Obesity is linked to the risk of heart disease itself as well as to other risk factors such as high blood pressure and high blood sugar. Fat cells also release inflammatory substances that can increase body-wide inflammation and heart disease risk. People with axSpA may be at risk of obesity due to sore joints making it difficult to exercise. This lack of physical activity can make it hard to maintain a healthy weight. Corticosteroid use has also been linked to weight gain and obesity, making it more difficult for people with axSpA who use corticosteroids to maintain a healthy weight.


Not only is smoking linked to more severe joint destruction, but smoking also accelerates blood vessel damage and contributes to artery narrowing. Because of this, smokers have a higher risk for cardiovascular events than non-smokers, potentially compounding the heart disease risk for people with axSpA.  

You can reduce your risks

While all of this information may be a bit overwhelming, there are a number of things you can do to protect your heart and reduce the risk of heart disease.

One of the best ways to protect your heart is by taking the disease-modifying antirheumatic drug (DMARD) your rheumatologist prescribes, whether that’s methotrexate, a biologic DMARD or another medication. There’s evidence that controlling axSpA inflammation also reduces the risks of heart attack, stroke and other cardiovascular events. When it comes to lifestyle interventions, the same advice applies whether you have axSpA or not. 

Stay active - Doing aerobics and strengthening exercises on most days of the week can protect your blood vessels, help you lose weight and reduce the risk of heart disease. There’s also evidence that exercise can fight inflammation. Refer to Exercise and psoriatic arthritis for more information about how to stay active while living with axSpA

Eat well - Add extra fruits and vegetables to your diet. Eat fatty fish like salmon and tuna, which are high in anti-inflammatory omega-3 fatty acids. Avoid highly processed and ‘fast foods’ as these contain high levels of saturated and trans fats, which contribute to weight gain and heart disease.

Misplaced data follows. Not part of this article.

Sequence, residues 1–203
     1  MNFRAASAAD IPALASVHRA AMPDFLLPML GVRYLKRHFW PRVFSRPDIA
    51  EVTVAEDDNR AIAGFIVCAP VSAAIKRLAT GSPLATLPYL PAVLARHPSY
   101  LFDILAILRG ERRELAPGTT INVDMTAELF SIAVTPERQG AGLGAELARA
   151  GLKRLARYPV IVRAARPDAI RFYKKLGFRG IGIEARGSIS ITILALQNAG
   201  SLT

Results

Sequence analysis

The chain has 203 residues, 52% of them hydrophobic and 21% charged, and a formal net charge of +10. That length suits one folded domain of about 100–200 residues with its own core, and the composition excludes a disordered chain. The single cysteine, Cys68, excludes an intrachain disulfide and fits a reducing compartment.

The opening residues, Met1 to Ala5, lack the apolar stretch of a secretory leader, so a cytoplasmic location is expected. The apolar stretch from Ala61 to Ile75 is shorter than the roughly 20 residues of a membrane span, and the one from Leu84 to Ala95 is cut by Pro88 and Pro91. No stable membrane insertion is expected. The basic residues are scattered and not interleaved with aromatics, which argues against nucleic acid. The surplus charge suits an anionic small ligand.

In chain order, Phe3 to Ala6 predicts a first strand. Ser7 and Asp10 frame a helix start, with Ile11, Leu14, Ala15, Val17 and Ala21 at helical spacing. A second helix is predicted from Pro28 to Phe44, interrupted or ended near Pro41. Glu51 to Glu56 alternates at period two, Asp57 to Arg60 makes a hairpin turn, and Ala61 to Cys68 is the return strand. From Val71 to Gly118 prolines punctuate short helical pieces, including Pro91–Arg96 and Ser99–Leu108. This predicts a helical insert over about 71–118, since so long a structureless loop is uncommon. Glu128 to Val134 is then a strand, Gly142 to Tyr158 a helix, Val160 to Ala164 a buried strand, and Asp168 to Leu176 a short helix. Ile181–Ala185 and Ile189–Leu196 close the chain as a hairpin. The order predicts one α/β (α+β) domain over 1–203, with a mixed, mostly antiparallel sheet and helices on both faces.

Control stress - Practise relaxation techniques like deep breathing and meditation and try and live mindfully to control stress and reduce its impacts.  

Quit smoking - Quitting smoking can be hard but it’s not impossible. There are a number of methods to help you quit, such as nicotine replacement therapy, medications or counselling. Even if you’ve tried quitting before, keep trying. You may find a method you haven’t tried before or you might find that one that hasn’t worked in the past works now. Speak with you doctor about what methods are available or call the Quitline on 13 78 48 or go online at icanquit.com.au. The Quitline also have Aboriginal and multilingual advisors available.

Watch your numbers - Have your blood sugar, blood pressure and cholesterol levels checked regularly. If they’re high, speak with your doctor. They may recommend that you try to lower them with diet and exercise or may prescribe you medications to help if necessary. 

Find alternate pain-relieving methods - Although NSAIDs and corticosteroids are effective at relieving pain and bringing down inflammation, these medicines can also increase your heart risks. Talk to your doctor about other treatment options. Try to use the smallest dose needed to manage your pain for the shortest time possible. Try other pain relief methods as well, such as heat, ice or physical therapy. 

Monitor your heart health

When you have axSpA you need to keep an eye on how your heart is going. To do this, there will likely be some screening tests your rheumatologist and GP will recommend such as regular tests of your blood pressure, blood sugar and cholesterol.

The European League Against Rheumatism (EULAR) recommends heart health screening at least once every five years and every time you change your axSpA medication. Your doctor may also want to do a stress test, echocardiogram or electrocardiogram to check your heart health. These are non-invasive tests that check how your heart performs while doing activity or how your heart is pumping.

Be watchful for any symptoms of heart disease, such as shortness of breath, chest pain, or arm pain and report them to your doctor right away.

Although having axSpA increases the risks of heart disease, hopefully following some of the advice contained in this resource can help you to feel back in control.

For more information about how to maintain a healthy heart, visit The Heart Foundation www.heartfoundation.org.au


This resource has been developed based on the best available evidence. A full list of references is available upon request.